Same old song from automakers: "we can’t do it"

And EPA’s Scott Pruitt is giving them a pass on smog-reducing fuel standards

Published March 31, 2018 7:29AM (EDT)

The 2015 Nissan Murano SUV is introduced at the New York International Auto Show, Wednesday, April 16, 2014, in New York. (AP Photo/Mark Lennihan) (AP)
The 2015 Nissan Murano SUV is introduced at the New York International Auto Show, Wednesday, April 16, 2014, in New York. (AP Photo/Mark Lennihan) (AP)

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DC ReportAbout 79% of Americans want tougher federal fuel economy standards, but Scott Pruitt apparently is focusing on junk science from the auto industry, the same industry that once denied smog was a problem and claimed that “nobody knows” if seatbelts saved lives.

Pruitt, the administrator of the Environmental Protection Agency, is expected this week to take a step to sabotage fuel efficiency standards for cars and light trucks negotiated under former President Barack Obama by saying those rules are too strict. The standards could be for vehicles made from 2021 to 2025.

Our country’s cars, trucks, planes, trains and boats now produce more carbon dioxide that is making our planet hotter than the electric power sector does. That’s 1.9 billion tons of carbon dioxide produced each year by transportation, just slightly over the 1.8 billion tons produced by the electric sector.

But the Alliance of Automobile Manufacturers, the trade group that represents about a dozen car and light truck makers from BMW to Volvo, opposes tougher rules for fuel emissions.

A report filed by the alliance relies on bogus science such as a study by climate-change skeptic S. Stanley Young that says “most of the hundreds of papers on the relationship between air quality and mortality have serious statistical problems.”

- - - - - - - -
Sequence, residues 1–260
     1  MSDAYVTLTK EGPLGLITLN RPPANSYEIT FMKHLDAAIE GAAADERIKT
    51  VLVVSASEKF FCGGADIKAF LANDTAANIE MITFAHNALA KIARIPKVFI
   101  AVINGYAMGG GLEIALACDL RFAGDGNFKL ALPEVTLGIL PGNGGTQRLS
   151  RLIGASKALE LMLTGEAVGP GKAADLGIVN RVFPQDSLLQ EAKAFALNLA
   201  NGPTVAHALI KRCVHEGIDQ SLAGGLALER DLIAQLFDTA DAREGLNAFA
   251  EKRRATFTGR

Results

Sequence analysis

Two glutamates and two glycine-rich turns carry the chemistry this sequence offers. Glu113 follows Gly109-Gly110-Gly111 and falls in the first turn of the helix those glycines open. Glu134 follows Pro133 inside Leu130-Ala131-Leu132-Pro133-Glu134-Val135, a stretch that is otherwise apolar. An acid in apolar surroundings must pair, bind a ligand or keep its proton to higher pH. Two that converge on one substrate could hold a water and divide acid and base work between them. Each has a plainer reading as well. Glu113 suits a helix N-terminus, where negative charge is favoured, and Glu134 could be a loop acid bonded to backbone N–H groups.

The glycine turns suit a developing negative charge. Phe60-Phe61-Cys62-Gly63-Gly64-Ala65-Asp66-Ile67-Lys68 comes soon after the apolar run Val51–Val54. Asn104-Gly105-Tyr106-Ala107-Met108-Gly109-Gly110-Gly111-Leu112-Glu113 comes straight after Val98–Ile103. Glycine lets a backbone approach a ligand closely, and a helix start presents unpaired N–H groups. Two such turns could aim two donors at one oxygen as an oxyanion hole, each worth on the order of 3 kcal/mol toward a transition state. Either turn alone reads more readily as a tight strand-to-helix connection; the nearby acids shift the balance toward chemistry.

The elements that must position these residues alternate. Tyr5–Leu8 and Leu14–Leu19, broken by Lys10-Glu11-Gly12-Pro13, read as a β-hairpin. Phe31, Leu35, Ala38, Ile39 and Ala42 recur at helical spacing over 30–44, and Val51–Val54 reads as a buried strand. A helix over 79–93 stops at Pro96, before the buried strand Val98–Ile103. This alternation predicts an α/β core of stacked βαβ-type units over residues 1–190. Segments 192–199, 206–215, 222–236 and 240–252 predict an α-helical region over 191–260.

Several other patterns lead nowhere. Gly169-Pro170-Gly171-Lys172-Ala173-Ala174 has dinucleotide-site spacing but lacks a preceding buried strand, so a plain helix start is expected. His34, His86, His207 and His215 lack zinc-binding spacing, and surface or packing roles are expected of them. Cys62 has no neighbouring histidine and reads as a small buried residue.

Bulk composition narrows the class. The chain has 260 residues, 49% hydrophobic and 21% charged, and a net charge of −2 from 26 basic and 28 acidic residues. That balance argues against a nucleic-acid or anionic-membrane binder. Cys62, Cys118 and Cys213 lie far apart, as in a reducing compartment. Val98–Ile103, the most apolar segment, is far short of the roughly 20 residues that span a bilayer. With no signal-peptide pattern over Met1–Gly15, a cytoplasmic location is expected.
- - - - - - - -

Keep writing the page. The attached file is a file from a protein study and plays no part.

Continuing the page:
Young’s paper was published in Regulatory Toxicology and Pharmacology, known for publishing positive articles on the tobacco industrywritten by people with ties to the tobacco industry.

Another paper, co-authored by Louis Anthony (Tony) Cox Jr. said people might not live longer if air pollution from ozone and small, breathable particles were reduced. Cox is the new chairman of the EPA’s Clean Air Science Advisory Committee, and Young is on the EPA’s Science Advisory Board.

The auto industry has a long history of touting hyperbole over reality when advancing its interests.  Henry Ford II called the 1966 requirements for seat belts and safety glass “arbitrary, unreasonable and technically infeasible.” Lee Iacocca, then Ford’s executive vice president, said the Clean Air Act “could prevent continued production of automobiles.”

The alliance told Pruitt on his first day on the job that the rules “should be reviewed and withdrawn,” and spent $8.1 million on federal lobbying last year. Its lobbyists include Hunter Bates and Chase Hieneman who both previously worked for Senate Majority Leader Mitch McConnell (R-Ky.)

The tougher rules, set in 2012, would cost the auto industry about 3% of gross sales for new cars and light trucks and save motorists $1.7 trillion in fuel costs over the life of the vehicles, or more than $8,000 a vehicle by 2025.

The Obama standards would regulate emissions of greenhouse gases and require automakers to manufacture cars and light-duty trucks that average 54.5 miles a gallon by 2025. Current standards require American-made cars, SUVs and light trucks to meet a combined average of at least 35 miles a gallon by 2020.

By Sarah Okeson

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